By Trey Faull
College is a big change. Growing up in one town, attending one high school, and growing up in one church for 18 years was a lot of familiarity to leave behind as I traveled to Cincinnati to begin studying at Cincinnati Christian University (CCU). However, I didn’t prepare for this big transition to college all by myself. My parents and mentors played an integral role in preparing me to fly the nest.
Those Who Prepared Me
My parents were monumental in the things they did to get me ready for college. I attended the same university as my dad (he went a long time ago!), and he was constantly telling me stories of his “glory days.” He created in me a longing and desire to have the college experience that he once had and still holds so dear.
My mother is a wonderful woman (Dad married way out of his league), and she was my steady rock through all of this. She kept my feet on the ground. She pushed me toward the details—look for scholarships, stay up on applications, and do not be afraid to ask anyone anything. It is a new experience; you should have those questions. Those questions will save your life.
The two of them balanced well. My dad created the appeal and draw of college while my mom held me accountable to taking the steps necessary to experience that joy. They didn’t talk about being far away or missing me to the point that it discouraged me. It was a healthy balance of excitement and reality.
My mentors also helped get me ready for the real world. They made me work hard, challenged me, and showed me how to think through unexpected issues. By trusting me with these responsibilities, it prepared me for the transition to be on my own without Mom and Dad.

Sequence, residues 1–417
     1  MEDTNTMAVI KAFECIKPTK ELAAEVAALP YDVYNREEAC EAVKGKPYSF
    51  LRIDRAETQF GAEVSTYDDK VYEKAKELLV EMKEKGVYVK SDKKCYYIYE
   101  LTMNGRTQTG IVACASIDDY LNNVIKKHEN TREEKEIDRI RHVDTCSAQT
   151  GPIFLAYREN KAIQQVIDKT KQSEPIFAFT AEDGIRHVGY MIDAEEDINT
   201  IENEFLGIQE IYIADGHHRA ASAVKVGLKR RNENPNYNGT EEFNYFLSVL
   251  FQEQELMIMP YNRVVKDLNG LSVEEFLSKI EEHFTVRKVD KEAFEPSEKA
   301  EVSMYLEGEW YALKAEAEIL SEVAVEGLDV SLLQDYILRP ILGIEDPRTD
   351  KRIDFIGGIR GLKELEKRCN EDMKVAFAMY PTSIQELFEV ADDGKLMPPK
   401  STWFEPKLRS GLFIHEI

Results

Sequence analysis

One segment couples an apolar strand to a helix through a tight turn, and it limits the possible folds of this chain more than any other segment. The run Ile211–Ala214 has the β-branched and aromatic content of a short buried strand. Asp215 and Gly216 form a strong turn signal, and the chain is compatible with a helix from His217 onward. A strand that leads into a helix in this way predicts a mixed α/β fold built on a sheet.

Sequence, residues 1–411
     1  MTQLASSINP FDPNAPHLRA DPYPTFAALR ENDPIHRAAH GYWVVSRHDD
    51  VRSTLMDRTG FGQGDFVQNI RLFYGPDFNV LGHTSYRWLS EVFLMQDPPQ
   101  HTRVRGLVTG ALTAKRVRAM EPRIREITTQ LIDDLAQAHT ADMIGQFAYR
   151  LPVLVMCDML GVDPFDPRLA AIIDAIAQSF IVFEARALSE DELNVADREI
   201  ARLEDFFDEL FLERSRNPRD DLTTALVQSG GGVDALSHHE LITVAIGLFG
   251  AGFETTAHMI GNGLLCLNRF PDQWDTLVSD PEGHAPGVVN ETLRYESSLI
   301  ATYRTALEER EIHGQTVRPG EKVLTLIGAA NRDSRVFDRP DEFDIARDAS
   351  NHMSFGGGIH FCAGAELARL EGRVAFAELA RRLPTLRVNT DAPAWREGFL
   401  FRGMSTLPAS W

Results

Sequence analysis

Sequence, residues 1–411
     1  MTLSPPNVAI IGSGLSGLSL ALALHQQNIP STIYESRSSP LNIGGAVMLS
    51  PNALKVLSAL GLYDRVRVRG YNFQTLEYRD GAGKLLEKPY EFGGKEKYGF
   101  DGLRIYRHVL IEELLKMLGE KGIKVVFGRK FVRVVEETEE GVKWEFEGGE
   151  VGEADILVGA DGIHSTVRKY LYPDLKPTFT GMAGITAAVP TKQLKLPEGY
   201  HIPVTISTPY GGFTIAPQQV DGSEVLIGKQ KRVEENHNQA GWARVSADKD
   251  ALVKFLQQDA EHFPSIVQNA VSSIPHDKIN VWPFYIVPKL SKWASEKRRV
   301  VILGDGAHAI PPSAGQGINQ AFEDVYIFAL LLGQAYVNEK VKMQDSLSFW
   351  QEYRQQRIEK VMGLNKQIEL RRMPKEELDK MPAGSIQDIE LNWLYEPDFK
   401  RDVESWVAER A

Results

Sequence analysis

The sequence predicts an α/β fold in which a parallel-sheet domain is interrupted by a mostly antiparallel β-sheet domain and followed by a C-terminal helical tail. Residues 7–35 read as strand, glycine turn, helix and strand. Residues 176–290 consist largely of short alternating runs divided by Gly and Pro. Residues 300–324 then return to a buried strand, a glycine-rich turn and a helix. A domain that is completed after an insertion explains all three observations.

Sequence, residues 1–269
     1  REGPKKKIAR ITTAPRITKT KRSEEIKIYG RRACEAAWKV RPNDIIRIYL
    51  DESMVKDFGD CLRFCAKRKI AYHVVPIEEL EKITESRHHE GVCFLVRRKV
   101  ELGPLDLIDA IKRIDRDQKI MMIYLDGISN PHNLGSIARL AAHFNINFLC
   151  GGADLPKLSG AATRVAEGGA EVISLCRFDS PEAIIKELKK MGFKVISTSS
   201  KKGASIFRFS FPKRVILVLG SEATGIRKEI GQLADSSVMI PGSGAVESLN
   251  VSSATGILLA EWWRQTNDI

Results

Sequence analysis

My mentors filled out references, told me stories, answered questions, and helped get me excited for the transition. One specific mentor even told me of all the different organizations that awarded him scholarships and encouraged me to pursue them as well (some of the best information I’ve ever received). My mentors set me up for success because they had already blazed the college trail.
How You Can Prepare Others
Seeing as I’ve never intentionally helped a student transition from high school to college, I can only speak to what I observed others doing for me. If you have students in your life, my perspective is this:
Parents, create a sense of positivity and expectation about college. Hold your students accountable to reach that wonder by staying on top of applications, asking questions, and encouraging them in their endeavors. Mentors, give your students responsibility, be truthful with them, and show them how you personally prepared for college.
The day my parents dropped me off at CCU, I remember feeling a strange, terrified, and excited sense of reality as I walked to my first freshman activity. That night I received an email from my dad with his personal 10 commandments that he thought I should keep in mind as I tried to navigate the college experience. I won’t write them all, but his tenth commandment said, “Remember who you are—and whose you are.”
At the end of the day, it was so important that I knew that God, my parents, and my family loved me. It was important that I knew that I was a child of God and that no matter where I went or what I did, my identity and purpose was found in him. As a student going off to the unknown of college, knowing who you are is vitally important. Let your students know they are capable of many things—but more importantly, do not let them forget whose they are.
Trey Faull is a recent graduate of Cincinnati Christian University and will be doing ministry in Quincy, Massachusetts.